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Publication numberUS20050053271 A1
Publication typeApplication
Application numberUS 10/755,002
Publication dateMar 10, 2005
Filing dateJan 9, 2004
Priority dateJan 11, 2003
Also published asUS7474779, WO2004063966A2, WO2004063966A3
Publication number10755002, 755002, US 2005/0053271 A1, US 2005/053271 A1, US 20050053271 A1, US 20050053271A1, US 2005053271 A1, US 2005053271A1, US-A1-20050053271, US-A1-2005053271, US2005/0053271A1, US2005/053271A1, US20050053271 A1, US20050053271A1, US2005053271 A1, US2005053271A1
InventorsJeffrey Duncan
Original AssigneeDuncan Jeffrey R.
Export CitationBiBTeX, EndNote, RefMan
External Links: USPTO, USPTO Assignment, Espacenet
Check imaging device
US 20050053271 A1
Abstract
A check reader and method for reading magnetic ink characters on a check involve a controller configured to control a motor to move a check through a check path in a first pass past a magnetic reading head in a first direction, and in at least one other pass past the magnetic reading head in another direction. In one embodiment, the controller moves the check through the check path in three passes, and in another embodiment the check is moved at different speeds during the respective passes.
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Claims(14)
1. A check reader for reading magnetic ink characters on a check, comprising:
a check path;
a motor configured to move the check along the check path;
a magnetic reading head disposed along the check path;
a controller configured to control the motor to move the check through the check path in a first pass past the magnetic reading head in a first direction, in a second pass past the magnetic reading head in the reverse direction and in a third pass past the magnetic reading head in the first direction.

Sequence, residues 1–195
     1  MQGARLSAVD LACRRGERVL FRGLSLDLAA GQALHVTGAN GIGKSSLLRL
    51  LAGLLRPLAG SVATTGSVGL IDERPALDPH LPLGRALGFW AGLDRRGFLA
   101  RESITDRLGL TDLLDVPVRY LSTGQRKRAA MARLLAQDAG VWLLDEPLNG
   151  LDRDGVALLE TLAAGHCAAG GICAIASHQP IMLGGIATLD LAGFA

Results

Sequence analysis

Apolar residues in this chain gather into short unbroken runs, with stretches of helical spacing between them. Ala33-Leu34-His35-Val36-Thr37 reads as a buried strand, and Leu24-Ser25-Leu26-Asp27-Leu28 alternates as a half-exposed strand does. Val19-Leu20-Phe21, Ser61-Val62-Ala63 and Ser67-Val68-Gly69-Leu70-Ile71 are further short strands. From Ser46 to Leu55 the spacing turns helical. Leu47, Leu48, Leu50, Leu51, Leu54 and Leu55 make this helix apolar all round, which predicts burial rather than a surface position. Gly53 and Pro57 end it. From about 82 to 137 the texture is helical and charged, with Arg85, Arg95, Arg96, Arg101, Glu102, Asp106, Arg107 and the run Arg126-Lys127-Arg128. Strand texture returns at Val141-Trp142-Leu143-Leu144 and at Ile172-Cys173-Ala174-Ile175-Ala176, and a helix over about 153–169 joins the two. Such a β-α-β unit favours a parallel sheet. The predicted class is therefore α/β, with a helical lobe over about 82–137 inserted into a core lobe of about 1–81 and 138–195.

2. The check reader of claim 1, further wherein:
the controller is configured to receive a signal indicative of the output of the magnetic reading head during each pass of the check past the magnetic reading head;
the controller is configured to decode information from the signal indicative of the output of the magnetic reading head; and
the controller is configured to compare information decoded during at least said three passes of the check past the magnetic reading head.
3. The check reader of claim 2, wherein the controller is configured to generate an output signal indicative of the decoded information when the decoded information obtained in each of at least three passes matches.
4. The check reader of claim 2, wherein the controller is configured to generate an output signal indicative of the decoded information when each portion of the decoded information matches in any two of the passes.
5. The check reader of claim 4, wherein the controller is configured to generate an output signal indicative of the decoded information when the decoded information in two of the passes matches.
6. The check reader of claim 4, wherein the controller is configured to generate an output signal indicative of the decoded information when the decoded information in two passes in which the checks traveled in opposite directions matches.
7. The check reader of claim 2, wherein:
the controller is configured to control the motor to cause the check to travel at a first speed during one of the passes; and
the controller is configured to control the motor to cause the check to travel at a second speed during a subsequent pass.
8. The check reader of claim 7, wherein the controller is configured to determine the magnitude of the second speed based upon the signal indicative of the output of the magnetic reading head received by the controller during the pass in which the check was traveling at the first speed.
9. A method of reading magnetic ink characters on a check, comprising: